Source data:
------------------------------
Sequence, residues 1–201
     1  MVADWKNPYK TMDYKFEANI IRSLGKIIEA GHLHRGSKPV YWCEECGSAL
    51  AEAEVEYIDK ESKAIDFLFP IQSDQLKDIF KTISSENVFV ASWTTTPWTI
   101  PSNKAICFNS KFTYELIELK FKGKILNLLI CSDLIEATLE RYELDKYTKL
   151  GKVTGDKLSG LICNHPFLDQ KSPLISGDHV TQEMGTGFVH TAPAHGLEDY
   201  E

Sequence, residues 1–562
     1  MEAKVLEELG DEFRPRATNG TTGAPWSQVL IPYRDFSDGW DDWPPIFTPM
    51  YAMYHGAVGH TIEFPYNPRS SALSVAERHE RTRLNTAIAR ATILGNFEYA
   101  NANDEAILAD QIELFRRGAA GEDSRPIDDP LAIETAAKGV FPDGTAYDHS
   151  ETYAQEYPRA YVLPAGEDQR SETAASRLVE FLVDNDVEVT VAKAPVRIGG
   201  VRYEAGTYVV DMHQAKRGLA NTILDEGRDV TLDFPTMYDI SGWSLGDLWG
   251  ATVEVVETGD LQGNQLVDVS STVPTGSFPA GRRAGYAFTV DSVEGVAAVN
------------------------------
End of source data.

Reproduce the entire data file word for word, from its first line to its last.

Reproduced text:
Sequence, residues 1–201
     1  MVADWKNPYK TMDYKFEANI IRSLGKIIEA GHLHRGSKPV YWCEECGSAL
    51  AEAEVEYIDK ESKAIDFLFP IQSDQLKDIF KTISSENVFV ASWTTTPWTI
   101  PSNKAICFNS KFTYELIELK FKGKILNLLI CSDLIEATLE RYELDKYTKL
   151  GKVTGDKLSG LICNHPFLDQ KSPLISGDHV TQEMGTGFVH TAPAHGLEDY
   201  E

Sequence, residues 1–562
     1  MEAKVLEELG DEFRPRATNG TTGAPWSQVL IPYRDFSDGW DDWPPIFTPM
    51  YAMYHGAVGH TIEFPYNPRS SALSVAERHE RTRLNTAIAR ATILGNFEYA
   101  NANDEAILAD QIELFRRGAA GEDSRPIDDP LAIETAAKGV FPDGTAYDHS
   151  ETYAQEYPRA YVLPAGEDQR SETAASRLVE FLVDNDVEVT VAKAPVRIGG
   201  VRYEAGTYVV DMHQAKRGLA NTILDEGRDV TLDFPTMYDI SGWSLGDLWG
   251  ATVEVVETGD LQGNQLVDVS STVPTGSFPA GRRAGYAFTV DSVEGVAAVN